1. We are of opinion that this rule must be discharged.
2. The facts briefly stated appear to be these:
3. The plaintiff through his raiyats had been in possession of certain lands. In 1297, owing to great floods, these lands were completely submerged and the plaintiffs tenants sought safety for themselves and property by forsaking, the submerged lands and going to some higher lands. When the flood was subsiding the plaintiff's raiyats intended to go back and occupy the lands which they had been obliged to forsake owing to the flood. The defendant was anxious to get possession of these lands, and as a matter of fact, when the flood receded there was a race between the plaintiff's raiyats and the defendant's raiyats as to who should get possession of the flooded lands first. The defendant's raiyats succeeded in the race and were the first to gain physical possession by putting foot upon the submerged lands. Thereupon the plaintiff brought suit under the provisions of Section 9 of the Specific Relief Act and the Sub-Judge has given a decree in favour of the plaintiff.
4. The rule was granted by another Bench calling upon the plaintiff to show cause why the decree of the Sub-Judge should not be set aside, upon the ground that the Sub-Judge had no power to entertain the suit.
5. It has been argued to-day by Mr. Advocate General and Mr. Bonnerjee that the Sub-Judge had no jurisdiction to entertain the suit, for this reason. It is said that the provisions of Section 9 of the Specific Relief Act only apply where there has been an anterior and actual physical possession by or on behalf of the party against whom the suit is brought under Section 9 of the Specific Relief Act, and the case in Tarini Mohun v. Gunga Prasad 14 C. 649, a case decided by the Chief Justice and Mr. Justice Ghose, is cited as an authority for that proposition.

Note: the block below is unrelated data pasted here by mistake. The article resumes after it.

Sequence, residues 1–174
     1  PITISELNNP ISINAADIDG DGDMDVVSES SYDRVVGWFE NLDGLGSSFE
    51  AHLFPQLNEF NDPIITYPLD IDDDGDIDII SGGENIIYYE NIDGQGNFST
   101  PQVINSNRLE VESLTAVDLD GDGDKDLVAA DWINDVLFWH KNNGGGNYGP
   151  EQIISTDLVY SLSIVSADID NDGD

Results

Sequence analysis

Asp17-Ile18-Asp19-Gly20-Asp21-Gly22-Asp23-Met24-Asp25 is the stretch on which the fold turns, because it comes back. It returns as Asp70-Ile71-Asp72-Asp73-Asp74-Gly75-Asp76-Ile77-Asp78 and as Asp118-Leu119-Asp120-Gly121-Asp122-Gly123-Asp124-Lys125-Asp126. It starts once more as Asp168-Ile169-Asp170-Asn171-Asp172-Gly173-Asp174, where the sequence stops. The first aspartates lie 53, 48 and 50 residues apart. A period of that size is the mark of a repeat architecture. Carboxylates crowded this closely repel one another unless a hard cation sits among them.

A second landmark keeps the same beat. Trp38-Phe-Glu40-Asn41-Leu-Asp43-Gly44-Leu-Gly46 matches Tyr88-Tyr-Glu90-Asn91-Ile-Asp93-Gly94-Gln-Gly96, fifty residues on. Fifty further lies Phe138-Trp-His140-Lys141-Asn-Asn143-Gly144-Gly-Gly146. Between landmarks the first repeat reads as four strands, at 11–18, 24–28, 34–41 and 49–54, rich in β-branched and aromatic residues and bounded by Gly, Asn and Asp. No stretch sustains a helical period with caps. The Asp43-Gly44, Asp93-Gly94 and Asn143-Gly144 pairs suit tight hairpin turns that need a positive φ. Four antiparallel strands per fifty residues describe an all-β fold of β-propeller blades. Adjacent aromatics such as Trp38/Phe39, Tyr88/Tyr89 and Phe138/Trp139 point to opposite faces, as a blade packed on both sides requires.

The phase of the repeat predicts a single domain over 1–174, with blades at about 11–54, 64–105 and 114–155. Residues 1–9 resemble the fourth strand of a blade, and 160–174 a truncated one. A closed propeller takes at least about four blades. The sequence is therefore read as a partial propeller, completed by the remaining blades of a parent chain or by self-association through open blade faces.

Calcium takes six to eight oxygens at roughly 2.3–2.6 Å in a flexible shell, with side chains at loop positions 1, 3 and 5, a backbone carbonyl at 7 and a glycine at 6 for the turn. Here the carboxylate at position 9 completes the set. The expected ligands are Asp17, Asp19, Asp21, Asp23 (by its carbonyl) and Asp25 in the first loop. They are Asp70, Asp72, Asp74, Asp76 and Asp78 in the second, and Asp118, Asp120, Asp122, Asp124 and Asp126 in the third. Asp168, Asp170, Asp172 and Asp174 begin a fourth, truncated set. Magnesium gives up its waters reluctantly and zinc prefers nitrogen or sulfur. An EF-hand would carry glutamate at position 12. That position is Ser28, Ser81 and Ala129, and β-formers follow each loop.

6. It does not appear to us to be necessary to express any opinion upon that case or to say what does or does not constitute a dispossession within the meaning of Section 9 of the specific Relief Act. Nor does it seem to us to be necessary to say anything as to whether an erroneous finding upon the question of what does or does not constitute dispossession is an exercise of jurisdiction by the Sub-Judge with which he was not vested according to law. This court has always refused to exercise the extraordinary powers conferred upon it by Section 622 (which we may call a revisional section) unless it is satisfied that either great injustice or great inconvenience would follow from its not exercising that power. We do not think that any injustice has been done to Mr. Advocate-General's client, neither do we think that he would suffer any great amount of inconvenience by the order of the Sub-Judge. So far from their having suffered any injustice it appears that if there are any merits in this case (upon which we express no opinion as we have not read the evidence) upon the admitted facts, the merits appear to us to be with Mr. Evans' client, because it is admitted that when the floods receded the defendant resorted to a mere subterfuge in order to endeavor to obtain possession of the lands which has previously rightly or wrongly been in the possession of the plaintiff through his raiyats. Therefore we do not consider that it would be a reasonable exercise of discretion to interfere in this case.
7. We think this rule should be discharged. We desire to add that this appears to have been the view of the Judges who granted the rule for we find them saying 'we have some doubt whether Section 622 applies to such a case, and whether the Court having regard to the recent decisions of the Privy Council upon Section 622, has power in this case to interfere under that section. We mention this lest the fact of issuing the rule should be supposed in any way to preclude the other side in showing cause from contending that the Court cannot act under that section. A rule not dissimilar to this was granted in a case reported in Tarini Mohun v. Gunga Prasad 14 C. 649 (the case we have referred to) by the Chief Justice and Justice Chunder Madhub Ghose. We grant the rule with these observations and the record will be sent for.'
8. We assess the hearing fee at five gold mohurs.